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Fluxbox seems like an afterthought in most distros. You can add it, sure, but it doesn't look or function that great without some work. I wasn't prepared for how great Fluxbox would be in Vector.
Nuxified.org launches with a better new look and a revised premise. It will blur the lines between operating systems and focus on Free Software everywhere.
More bad news for Microsoft: the world's largest PC maker, Hewlett Packard, has announced it will start shipping desktop PCs preloaded with RedHat Enterprise Linux Desktop 5 in Australia
from as little as $AU600 ($US486). RHELD5 comes with OpenOffice, Firefox and Evolution included. The clear message from HP is that small businesses can now avoid the licence cost of buying Vista and Office on their PCs while retaining "big PC manufacturer" levels of support.
Thanks to a note from its creator, DesktopLinux.com learned about a new "release candidate" of Custom NimbleX 2 this week. This lesser known Slackware-derived project offers a Web-based tool that lets users concoct, and then download, their own customized live CD Linux images -- in minutes!
Ubuntu Xorg maintainer Bryce Harrington recently demonstrated the BulletProof-X feature that is planned for inclusion in Ubuntu 7.10. BulletProof-X provides a failsafe mode which will ensure that users never have to manually configure their graphics hardware settings from the command line. If Xorg fails to start, the failsafe mode will initiate with minimalistic settings, low resolution, and a limited number of colors. The failsafe mode also automatically runs Ubuntu's new GTK-based display configuration utility.
For the past several years, the annual, invitation-only kernel developers' summit has been held immediately prior to the Ottawa Linux Symposium. This year is different, though: the summit is, instead, happening just after LinuxConf Europe in Cambridge, UK. The preliminary agenda has been posted, though, as has the list of attendees. So it is possible to look forward and get a sense for what is likely to be discussed.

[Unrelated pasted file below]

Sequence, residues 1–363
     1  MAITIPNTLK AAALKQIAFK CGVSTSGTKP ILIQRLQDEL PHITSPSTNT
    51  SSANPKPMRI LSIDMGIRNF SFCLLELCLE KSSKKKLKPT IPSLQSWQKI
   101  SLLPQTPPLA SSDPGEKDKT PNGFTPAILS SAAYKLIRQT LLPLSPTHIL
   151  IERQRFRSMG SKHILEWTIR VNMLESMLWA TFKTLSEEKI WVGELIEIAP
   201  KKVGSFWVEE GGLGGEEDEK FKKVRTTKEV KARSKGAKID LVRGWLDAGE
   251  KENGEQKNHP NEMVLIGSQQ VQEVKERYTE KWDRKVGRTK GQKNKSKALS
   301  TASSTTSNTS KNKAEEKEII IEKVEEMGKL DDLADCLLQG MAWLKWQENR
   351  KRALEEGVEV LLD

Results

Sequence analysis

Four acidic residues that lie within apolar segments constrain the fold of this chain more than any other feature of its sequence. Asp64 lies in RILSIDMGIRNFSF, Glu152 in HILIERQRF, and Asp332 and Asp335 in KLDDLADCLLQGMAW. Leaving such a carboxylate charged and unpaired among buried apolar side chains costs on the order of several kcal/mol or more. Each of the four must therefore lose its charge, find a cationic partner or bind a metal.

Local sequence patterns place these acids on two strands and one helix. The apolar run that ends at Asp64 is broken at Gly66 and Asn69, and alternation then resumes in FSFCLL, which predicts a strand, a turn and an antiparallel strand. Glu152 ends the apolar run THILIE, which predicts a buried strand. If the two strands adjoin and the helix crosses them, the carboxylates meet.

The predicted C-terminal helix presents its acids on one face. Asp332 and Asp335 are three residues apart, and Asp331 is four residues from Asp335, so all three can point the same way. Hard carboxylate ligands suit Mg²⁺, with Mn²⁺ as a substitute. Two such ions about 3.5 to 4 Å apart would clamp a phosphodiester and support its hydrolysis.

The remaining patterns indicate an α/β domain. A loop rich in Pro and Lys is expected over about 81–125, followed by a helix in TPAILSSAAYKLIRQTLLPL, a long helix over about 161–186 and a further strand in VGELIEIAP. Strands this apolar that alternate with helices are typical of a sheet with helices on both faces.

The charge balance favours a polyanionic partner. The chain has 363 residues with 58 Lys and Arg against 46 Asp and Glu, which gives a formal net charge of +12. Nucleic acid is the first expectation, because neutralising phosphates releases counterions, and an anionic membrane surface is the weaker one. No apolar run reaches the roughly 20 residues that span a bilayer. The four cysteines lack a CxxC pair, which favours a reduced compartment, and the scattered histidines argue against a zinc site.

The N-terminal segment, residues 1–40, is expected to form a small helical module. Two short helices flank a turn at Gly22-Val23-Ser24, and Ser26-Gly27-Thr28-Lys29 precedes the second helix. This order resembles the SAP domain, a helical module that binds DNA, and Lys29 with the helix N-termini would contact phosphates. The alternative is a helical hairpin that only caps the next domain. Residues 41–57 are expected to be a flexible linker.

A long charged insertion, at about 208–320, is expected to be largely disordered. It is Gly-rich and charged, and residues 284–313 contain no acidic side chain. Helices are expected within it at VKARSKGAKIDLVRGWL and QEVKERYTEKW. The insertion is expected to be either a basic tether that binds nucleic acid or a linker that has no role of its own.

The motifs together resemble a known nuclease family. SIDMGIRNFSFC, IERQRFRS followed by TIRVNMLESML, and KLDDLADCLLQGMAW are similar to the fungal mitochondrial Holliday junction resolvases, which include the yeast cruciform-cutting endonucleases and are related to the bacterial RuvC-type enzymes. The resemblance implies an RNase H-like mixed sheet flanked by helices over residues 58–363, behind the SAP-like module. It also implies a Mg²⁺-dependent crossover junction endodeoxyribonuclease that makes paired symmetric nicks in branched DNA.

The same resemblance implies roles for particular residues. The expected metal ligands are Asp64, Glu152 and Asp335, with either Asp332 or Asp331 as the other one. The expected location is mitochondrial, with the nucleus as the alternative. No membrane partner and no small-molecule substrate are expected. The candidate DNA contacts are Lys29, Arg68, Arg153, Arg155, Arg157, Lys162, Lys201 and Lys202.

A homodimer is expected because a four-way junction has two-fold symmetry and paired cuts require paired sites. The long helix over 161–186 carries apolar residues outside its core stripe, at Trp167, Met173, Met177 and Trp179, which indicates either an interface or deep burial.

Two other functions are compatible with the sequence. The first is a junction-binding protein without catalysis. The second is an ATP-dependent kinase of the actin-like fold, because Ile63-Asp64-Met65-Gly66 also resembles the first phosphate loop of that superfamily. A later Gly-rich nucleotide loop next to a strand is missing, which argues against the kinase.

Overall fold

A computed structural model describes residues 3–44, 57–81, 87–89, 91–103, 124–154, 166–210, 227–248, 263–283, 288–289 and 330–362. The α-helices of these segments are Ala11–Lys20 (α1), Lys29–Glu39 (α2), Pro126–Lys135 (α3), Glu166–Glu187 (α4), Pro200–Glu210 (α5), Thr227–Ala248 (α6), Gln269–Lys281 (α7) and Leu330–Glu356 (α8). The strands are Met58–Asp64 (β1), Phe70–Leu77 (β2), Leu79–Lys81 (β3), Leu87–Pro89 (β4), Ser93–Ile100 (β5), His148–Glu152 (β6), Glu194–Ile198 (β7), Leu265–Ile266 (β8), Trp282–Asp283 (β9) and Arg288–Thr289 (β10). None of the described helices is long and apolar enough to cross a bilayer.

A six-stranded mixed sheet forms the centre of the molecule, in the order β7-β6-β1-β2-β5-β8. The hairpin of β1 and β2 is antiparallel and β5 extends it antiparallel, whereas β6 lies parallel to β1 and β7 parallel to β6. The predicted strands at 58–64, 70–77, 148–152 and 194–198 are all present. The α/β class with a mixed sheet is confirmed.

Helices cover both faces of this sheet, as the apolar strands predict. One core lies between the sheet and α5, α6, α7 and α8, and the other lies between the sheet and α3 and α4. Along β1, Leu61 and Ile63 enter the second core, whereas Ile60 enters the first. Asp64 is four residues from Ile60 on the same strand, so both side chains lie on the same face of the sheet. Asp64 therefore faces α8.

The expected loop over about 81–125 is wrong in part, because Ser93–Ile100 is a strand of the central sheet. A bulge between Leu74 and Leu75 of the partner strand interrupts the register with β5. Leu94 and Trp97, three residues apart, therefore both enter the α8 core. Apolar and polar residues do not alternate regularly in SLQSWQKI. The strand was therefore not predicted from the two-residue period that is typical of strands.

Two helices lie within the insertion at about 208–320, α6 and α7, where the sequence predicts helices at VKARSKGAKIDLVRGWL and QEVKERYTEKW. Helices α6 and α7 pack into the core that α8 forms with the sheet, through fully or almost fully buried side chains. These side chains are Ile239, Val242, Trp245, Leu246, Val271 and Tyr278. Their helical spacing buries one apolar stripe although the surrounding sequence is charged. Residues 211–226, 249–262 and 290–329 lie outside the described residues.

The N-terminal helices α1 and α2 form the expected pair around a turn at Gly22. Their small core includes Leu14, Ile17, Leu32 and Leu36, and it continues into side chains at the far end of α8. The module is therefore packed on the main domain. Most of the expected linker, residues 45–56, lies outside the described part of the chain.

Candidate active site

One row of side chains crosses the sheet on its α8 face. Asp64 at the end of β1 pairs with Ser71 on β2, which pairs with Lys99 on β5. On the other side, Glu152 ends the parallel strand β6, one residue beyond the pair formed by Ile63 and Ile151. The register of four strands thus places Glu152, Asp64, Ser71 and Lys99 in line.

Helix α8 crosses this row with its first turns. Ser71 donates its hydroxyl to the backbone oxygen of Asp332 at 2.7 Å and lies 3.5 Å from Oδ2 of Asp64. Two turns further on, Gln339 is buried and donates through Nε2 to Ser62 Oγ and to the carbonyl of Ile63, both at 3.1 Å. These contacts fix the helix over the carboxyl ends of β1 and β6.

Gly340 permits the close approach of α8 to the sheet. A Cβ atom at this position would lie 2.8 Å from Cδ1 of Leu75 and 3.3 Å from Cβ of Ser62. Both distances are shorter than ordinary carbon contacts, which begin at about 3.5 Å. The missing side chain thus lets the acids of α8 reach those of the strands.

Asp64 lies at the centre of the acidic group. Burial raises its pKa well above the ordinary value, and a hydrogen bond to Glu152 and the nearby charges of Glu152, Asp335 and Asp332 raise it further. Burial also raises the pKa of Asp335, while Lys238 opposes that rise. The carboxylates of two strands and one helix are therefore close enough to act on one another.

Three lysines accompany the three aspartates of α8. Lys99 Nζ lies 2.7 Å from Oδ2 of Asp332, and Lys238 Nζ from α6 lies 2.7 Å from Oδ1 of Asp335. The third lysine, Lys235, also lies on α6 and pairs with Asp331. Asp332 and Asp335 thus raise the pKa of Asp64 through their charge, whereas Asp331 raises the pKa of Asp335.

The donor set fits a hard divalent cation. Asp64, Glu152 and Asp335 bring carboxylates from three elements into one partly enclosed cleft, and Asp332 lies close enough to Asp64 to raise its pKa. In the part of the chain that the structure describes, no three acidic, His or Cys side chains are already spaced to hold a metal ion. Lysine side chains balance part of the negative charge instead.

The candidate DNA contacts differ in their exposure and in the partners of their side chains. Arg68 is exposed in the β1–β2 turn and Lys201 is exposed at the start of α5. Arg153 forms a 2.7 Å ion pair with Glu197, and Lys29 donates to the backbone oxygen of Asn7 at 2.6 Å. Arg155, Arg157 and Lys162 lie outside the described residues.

My last entry talked about the imperative to grow the application base for Linux via greater collaboration among vendors and standardization. In the future, I will have further comments on some of the more challenging aspects of getting this done. But before it gets too late, I wanted to comment on the other major excitement coming out of LinuxWorld San Francisco – progress on the Linux desktop. It has been a year since we shipped Suse Linux Enterprise Desktop 10. What has happened since? We have been building out our ecosystem, reaching a crescendo at LinuxWorld.
I'm pleased to note that the Linux Foundation has issued a statement calling for ISO/IEC JTC1 members to vote "No with Comments" on OOXML. The decision to issue the statement follows on the heels of a rising crescendo of reports of last minute additions of individuals to National Bodies which is slanting voting results, and of a similar last minute upgrading of nine (or perhaps by now, more) nations to "P" status in ISO.
Ubuntu Month of Screencasts is a mad plan concocted by the Screencast Team to produce one full length screencast per day for the whole of one month. That month is September 2007. The goal is that each video will go into one subject in some depth, to help educate new users about Ubuntu. We aim to go into enough detail to be interesting, hopefully without being baffling or boring. There should be enough information to get a new user from "zero to hero" in one month. That's the goal anyway.
The battles for energy efficiency aren't just being fought by chipmakers, server and PC vendors, and other hardware companies out there. There's a similar battle heating up on the OS layer between Microsoft and Linux. Linux appears to have an advantage at the moment: Big-name vendors like IBM, HP, and Novell are giving the penguin a push in the datacenter, framing it as a flexible and energy-efficient platform.
Announcing the Hardy Heron (Ubuntu 8.04), the next version of Ubuntu that will succeed Gutsy Gibbon (Ubuntu 7.10, due for release in October 2007). Not only will the Ubuntu community continue to do what it does best, produce an easy-to-use, reliable, free software platform, but this release will proudly wear the badge of Long Term Support (LTS) and be supported with security updates for five years on the server and three years on the desktop. We look forward to releasing the Hardy Heron in April 2008.